New technology to help children with cerebral palsy|
Nov 21, 2005
By New Jersey Institute of Technology
"Biomedical engineers at New Jersey Institute
of Technology (NJIT) will use new technology to help children with cerebral
palsy improve their movements, reduce stiffness in their joints and live fuller
and more independent lives.
Small robots mounted on wheelchairs, interactive video games and a robotic arm
that can be programmed to guide and aid human motion – these are just a few of
the technologies the engineers will use to help these children improve their
muscular control and movements.
"Those of us without disabilities can't really understand how much extra effort
goes into doing the things of everyday life," said Richard Foulds, PhD, an
associate professor in the biomedical engineering department at NJIT. "In a
nation of technological riches, there is no better way for engineers to use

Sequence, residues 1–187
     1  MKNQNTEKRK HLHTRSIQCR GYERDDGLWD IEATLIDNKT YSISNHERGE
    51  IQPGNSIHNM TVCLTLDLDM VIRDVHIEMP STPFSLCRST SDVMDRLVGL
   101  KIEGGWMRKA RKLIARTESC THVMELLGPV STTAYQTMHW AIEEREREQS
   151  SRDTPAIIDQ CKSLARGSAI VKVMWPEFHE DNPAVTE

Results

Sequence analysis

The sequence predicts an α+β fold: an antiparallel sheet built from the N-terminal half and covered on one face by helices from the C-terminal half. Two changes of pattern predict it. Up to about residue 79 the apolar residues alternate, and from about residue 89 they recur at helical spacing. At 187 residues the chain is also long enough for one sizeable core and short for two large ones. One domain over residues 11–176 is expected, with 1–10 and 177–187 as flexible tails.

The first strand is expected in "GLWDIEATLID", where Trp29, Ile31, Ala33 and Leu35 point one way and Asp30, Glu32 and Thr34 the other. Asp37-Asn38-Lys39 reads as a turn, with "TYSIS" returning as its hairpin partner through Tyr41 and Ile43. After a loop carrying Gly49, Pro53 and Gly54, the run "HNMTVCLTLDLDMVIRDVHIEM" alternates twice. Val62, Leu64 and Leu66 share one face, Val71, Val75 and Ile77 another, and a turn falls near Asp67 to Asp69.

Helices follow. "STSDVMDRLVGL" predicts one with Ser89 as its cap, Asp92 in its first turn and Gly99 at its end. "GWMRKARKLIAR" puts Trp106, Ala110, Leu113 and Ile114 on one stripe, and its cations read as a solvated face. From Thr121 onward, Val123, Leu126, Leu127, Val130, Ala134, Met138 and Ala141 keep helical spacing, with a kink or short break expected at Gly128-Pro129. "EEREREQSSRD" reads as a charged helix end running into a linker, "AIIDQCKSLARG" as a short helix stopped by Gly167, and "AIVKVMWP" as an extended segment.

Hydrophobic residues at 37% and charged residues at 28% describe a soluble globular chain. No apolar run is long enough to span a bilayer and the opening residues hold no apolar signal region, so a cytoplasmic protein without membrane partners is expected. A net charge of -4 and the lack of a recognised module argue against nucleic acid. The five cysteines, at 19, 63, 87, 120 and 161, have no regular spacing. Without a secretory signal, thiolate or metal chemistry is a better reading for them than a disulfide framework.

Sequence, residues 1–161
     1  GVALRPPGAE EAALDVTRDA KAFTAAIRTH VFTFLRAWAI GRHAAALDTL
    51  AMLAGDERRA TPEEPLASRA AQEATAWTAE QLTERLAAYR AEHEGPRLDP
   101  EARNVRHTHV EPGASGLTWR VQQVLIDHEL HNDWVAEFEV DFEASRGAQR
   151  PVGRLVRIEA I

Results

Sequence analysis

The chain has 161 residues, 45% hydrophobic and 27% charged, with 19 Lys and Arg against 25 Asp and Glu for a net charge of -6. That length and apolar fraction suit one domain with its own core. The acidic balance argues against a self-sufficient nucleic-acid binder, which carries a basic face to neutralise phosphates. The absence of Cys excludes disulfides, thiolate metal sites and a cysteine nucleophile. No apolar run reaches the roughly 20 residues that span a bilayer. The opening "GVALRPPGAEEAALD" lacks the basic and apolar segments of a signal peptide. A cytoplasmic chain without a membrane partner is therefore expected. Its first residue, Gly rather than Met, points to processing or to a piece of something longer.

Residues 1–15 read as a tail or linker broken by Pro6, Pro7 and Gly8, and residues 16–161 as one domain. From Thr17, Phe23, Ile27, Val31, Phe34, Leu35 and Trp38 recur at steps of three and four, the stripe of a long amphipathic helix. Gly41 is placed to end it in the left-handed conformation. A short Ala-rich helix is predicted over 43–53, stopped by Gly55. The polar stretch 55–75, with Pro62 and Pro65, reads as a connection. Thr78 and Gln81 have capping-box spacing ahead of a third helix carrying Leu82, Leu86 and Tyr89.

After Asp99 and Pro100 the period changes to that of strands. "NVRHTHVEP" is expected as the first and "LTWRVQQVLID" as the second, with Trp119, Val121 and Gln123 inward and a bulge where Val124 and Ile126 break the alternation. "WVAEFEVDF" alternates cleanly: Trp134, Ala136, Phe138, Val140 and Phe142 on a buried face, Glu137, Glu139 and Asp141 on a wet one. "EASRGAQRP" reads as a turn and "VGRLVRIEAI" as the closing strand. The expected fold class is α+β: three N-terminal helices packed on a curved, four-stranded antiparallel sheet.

their creative talents than to find new methods and devices that help children
with cerebral palsy overcome their daily barriers."
Foulds is director of the newly formed Rehabilitation Engineering Research
Center (RERC) at NJIT, funded by a $4.75 million grant from the National
Institute on Disability and Rehabilitation Research, in Washington, D.C. The
institute supports research for the rehabilitation of people with disabilities.
The grant, awarded on Nov. 1, 2005, will run for five years.
The strength of the center, said Foulds, is the synergy it will create between
NJIT and its collaborating institutions: Children's Specialized Hospital,
Mountainside, the largest pediatric rehabilitation hospital in the country,
which will be the clinical site for the research; Rutgers-New Brunswick, and the
University of Medicine and Dentistry of New Jersey, (UMDNJ) Newark. Sergei
Adamovich, PhD, assistant professor in the biomedical engineering at NJIT, and
Bruno Mantilla, MD, a special lecturer in the same department, will serve as
co-project directors for the center.
Children with cerebral palsy have limited use of their arms due to the
discoordination of their neural motor control and stiffness of their joints. The
stiffness results from spasticity, the involuntary muscle tightness that occurs
in about two-thirds of children with cerebral palsy. These difficulties
interfere with the way these children walk, play and perform the manual tasks
needed for studying - writing, typing or holding a book."